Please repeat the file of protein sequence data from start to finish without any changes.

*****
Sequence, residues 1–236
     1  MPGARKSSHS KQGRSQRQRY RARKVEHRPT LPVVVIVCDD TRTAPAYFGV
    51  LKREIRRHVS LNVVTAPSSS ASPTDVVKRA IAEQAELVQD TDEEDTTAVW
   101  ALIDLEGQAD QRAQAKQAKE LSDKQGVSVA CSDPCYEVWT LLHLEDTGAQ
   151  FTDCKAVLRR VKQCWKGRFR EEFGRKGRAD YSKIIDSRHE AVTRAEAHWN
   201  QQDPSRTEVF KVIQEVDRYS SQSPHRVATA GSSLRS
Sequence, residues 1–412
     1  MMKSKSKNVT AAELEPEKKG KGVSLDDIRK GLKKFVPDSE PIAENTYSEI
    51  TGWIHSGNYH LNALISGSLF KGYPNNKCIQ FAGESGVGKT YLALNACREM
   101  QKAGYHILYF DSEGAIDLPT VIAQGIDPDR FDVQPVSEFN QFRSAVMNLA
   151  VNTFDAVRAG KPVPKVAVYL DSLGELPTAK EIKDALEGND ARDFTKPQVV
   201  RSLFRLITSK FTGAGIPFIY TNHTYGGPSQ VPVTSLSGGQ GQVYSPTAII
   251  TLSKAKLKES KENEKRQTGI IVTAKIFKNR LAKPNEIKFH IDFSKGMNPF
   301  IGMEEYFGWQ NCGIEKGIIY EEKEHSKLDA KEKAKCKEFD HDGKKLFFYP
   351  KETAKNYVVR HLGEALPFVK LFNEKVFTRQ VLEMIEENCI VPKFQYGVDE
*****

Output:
Sequence, residues 1–236
     1  MPGARKSSHS KQGRSQRQRY RARKVEHRPT LPVVVIVCDD TRTAPAYFGV
    51  LKREIRRHVS LNVVTAPSSS ASPTDVVKRA IAEQAELVQD TDEEDTTAVW
   101  ALIDLEGQAD QRAQAKQAKE LSDKQGVSVA CSDPCYEVWT LLHLEDTGAQ
   151  FTDCKAVLRR VKQCWKGRFR EEFGRKGRAD YSKIIDSRHE AVTRAEAHWN
   201  QQDPSRTEVF KVIQEVDRYS SQSPHRVATA GSSLRS
Sequence, residues 1–412
     1  MMKSKSKNVT AAELEPEKKG KGVSLDDIRK GLKKFVPDSE PIAENTYSEI
    51  TGWIHSGNYH LNALISGSLF KGYPNNKCIQ FAGESGVGKT YLALNACREM
   101  QKAGYHILYF DSEGAIDLPT VIAQGIDPDR FDVQPVSEFN QFRSAVMNLA
   151  VNTFDAVRAG KPVPKVAVYL DSLGELPTAK EIKDALEGND ARDFTKPQVV
   201  RSLFRLITSK FTGAGIPFIY TNHTYGGPSQ VPVTSLSGGQ GQVYSPTAII
   251  TLSKAKLKES KENEKRQTGI IVTAKIFKNR LAKPNEIKFH IDFSKGMNPF
   301  IGMEEYFGWQ NCGIEKGIIY EEKEHSKLDA KEKAKCKEFD HDGKKLFFYP
   351  KETAKNYVVR HLGEALPFVK LFNEKVFTRQ VLEMIEENCI VPKFQYGVDE